• Aggressive Sales Tactics: Avoid anyone that is too pushy, demands that you sign and invest right away, claims the investment opportunity is going away, or claims there is a waiting list but he or she can get you access.
  • Not Licensed: If the person is not licensed to sell securities or give investment advice, you should not purchase investments from them. Search for licenses using FINRA’s Brokercheck and/or the SEC IARD Search. Also review the free reports on those pages for red flags.
  • Will Not Provide Information in Writing: If the person will not provide information in writing or does not have the right paperwork (i.e., stocks/mutual funds must have a prospectus and bonds must have a circular), it is a red flag. All of the promises that were made to get you to invest should also be put in writing from the salesperson’s work email address. You should also have an attorney review all of the documentation.
  • Will Not Meet In Person: Anyone offering a legitimate opportunity will be willing to meet you in person. If the salesperson is not willing to meet you in person and show you that they are who they say they are, do not invest with them.

5 Immediate Steps to Recover Your Lost Assets:

  • Document everything:  Create a file including the suspected fraudster’s name, contact information, email and text message exchanges (make sure you save the text messages or screenshot them and send them to yourself so you do not erase them by accident), website (also take as many screenshots as possible before their website is taken down), and any alleged investment documentation they provided.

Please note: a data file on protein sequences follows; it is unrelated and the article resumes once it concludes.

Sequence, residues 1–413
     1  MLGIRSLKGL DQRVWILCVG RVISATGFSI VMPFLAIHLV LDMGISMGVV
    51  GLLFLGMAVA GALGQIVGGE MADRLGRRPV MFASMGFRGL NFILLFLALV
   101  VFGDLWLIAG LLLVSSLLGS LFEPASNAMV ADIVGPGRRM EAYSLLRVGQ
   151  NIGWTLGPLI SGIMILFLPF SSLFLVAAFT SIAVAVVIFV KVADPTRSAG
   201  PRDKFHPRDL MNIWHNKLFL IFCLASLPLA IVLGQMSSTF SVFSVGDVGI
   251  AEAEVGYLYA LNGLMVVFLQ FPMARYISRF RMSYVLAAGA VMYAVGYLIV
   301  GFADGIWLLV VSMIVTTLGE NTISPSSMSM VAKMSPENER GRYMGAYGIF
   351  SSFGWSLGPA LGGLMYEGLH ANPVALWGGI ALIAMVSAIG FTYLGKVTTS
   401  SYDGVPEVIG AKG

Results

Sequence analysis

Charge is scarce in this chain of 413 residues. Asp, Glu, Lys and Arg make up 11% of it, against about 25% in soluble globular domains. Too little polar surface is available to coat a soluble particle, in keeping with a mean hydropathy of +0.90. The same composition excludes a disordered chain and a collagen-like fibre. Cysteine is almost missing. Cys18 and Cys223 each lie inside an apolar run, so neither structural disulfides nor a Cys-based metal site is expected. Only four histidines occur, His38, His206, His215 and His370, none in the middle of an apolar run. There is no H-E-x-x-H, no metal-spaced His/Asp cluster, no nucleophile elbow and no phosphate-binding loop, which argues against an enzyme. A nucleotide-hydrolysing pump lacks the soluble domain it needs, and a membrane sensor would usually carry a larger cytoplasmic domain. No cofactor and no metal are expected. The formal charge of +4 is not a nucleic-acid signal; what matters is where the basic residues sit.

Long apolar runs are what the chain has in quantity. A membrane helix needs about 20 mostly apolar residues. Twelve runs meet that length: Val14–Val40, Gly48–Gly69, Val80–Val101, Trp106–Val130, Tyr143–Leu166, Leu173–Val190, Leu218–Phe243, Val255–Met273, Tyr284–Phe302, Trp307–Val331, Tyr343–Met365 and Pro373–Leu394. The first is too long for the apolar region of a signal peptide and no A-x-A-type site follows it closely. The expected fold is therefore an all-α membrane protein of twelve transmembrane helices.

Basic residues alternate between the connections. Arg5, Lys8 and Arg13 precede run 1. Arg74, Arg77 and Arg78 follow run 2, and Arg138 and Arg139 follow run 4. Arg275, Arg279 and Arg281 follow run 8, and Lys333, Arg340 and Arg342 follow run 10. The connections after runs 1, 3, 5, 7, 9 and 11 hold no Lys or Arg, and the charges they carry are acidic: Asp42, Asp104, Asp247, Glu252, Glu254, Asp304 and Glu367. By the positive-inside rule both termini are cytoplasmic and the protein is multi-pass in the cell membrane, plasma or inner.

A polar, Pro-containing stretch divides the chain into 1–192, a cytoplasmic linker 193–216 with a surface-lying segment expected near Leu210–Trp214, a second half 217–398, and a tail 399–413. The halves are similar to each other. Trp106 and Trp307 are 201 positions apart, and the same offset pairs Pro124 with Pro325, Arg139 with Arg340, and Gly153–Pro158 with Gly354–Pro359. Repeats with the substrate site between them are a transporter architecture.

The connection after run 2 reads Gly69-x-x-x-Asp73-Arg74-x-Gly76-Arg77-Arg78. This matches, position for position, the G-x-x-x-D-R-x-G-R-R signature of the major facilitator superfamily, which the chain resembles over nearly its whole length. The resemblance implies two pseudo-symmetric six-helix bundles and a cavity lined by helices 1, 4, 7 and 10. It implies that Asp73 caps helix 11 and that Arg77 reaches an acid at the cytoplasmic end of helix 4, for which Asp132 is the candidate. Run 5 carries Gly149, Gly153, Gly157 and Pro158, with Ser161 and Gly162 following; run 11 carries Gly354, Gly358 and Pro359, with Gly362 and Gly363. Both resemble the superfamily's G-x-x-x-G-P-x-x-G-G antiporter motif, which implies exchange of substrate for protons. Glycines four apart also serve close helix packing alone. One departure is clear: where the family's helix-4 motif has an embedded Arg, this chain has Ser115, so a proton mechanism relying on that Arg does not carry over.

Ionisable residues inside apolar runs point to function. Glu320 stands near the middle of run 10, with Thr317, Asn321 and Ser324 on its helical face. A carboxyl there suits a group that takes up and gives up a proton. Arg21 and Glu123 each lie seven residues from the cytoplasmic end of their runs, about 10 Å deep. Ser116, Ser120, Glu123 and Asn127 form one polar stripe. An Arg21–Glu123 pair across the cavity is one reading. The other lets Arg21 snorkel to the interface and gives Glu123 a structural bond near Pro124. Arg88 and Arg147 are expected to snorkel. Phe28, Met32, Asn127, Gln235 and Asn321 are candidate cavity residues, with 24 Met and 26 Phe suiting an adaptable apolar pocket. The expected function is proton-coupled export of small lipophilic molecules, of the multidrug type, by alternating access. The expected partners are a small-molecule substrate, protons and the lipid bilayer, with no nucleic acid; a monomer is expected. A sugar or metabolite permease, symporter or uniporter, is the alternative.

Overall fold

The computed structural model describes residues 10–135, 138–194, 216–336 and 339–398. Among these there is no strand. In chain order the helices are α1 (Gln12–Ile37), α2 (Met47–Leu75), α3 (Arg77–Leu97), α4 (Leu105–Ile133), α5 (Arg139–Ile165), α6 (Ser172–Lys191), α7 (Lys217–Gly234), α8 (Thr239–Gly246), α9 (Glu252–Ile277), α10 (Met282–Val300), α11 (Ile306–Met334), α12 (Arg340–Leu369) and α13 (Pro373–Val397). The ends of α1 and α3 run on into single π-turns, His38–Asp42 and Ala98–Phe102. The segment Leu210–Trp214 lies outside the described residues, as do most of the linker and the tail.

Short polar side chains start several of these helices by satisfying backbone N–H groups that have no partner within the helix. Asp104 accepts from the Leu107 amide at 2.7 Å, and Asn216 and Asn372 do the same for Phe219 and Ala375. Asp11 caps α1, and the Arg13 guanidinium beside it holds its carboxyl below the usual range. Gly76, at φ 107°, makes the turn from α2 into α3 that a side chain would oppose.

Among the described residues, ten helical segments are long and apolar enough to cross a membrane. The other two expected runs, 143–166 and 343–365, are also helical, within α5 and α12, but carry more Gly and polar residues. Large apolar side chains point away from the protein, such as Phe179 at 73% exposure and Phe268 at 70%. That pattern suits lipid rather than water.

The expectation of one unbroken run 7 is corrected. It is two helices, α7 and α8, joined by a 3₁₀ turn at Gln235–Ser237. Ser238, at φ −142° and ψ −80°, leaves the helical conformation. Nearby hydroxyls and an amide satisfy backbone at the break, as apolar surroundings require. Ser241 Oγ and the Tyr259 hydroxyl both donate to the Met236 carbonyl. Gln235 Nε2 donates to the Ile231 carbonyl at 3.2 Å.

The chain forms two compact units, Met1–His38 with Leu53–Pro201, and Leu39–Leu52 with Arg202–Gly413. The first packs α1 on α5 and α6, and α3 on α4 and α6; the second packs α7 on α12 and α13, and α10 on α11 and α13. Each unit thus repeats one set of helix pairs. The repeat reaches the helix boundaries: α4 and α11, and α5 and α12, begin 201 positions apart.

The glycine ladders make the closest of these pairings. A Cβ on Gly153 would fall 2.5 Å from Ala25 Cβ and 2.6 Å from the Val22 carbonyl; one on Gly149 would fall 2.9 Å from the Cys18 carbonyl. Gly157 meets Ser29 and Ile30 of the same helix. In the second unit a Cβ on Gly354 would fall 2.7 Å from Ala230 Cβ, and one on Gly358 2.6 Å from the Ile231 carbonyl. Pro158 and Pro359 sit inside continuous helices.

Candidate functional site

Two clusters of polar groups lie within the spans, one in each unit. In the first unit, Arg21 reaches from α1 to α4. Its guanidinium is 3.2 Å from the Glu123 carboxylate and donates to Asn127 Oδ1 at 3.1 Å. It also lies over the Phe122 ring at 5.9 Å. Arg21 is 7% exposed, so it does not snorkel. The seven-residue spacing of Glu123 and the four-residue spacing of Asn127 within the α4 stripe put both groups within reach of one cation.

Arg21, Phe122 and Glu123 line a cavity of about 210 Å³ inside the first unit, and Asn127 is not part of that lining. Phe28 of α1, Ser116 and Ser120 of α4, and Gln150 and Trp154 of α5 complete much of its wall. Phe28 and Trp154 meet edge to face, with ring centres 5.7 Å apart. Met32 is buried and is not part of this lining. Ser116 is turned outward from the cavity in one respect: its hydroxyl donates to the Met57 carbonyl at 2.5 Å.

• Report it immediately: As soon as you suspect fraud, report it to regulatory bodies, including the SEC, FINRA, NASAA, and the FTC. You should also consider reporting it to law enforcement—including your local police, district attorney’s office, attorney general, and the FBI.
  • Hire an Attorney to Assist: You may be able to recover your funds by hiring an investment fraud attorney who can advise you on remedies, including bringing a civil lawsuit or arbitration. Many attorneys in that field are willing to work on a contingency fee basis, meaning you only pay them a fee if they are successful.
  • Follow up: Unfortunately, law enforcement and government regulatory bodies may be slow to act. Follow up with them every 30 days.
  • Call Your Bank: If you wired money through your bank, call your bank immediately and see if it is possible to freeze the wire or obtain information on who the actual recipient of the wire transfer was.

Conclusion

Investment fraud is currently the costliest type of fraud in America and the schemes are becoming increasingly complex as criminals fuse traditional tactics with online scams involving cryptocurrencies and artificial intelligence. The best way to avoid investment fraud is to never send money or give personal information to any entity or individual unless you have thoroughly researched their background, met them in person, and consulted with a third-party expert.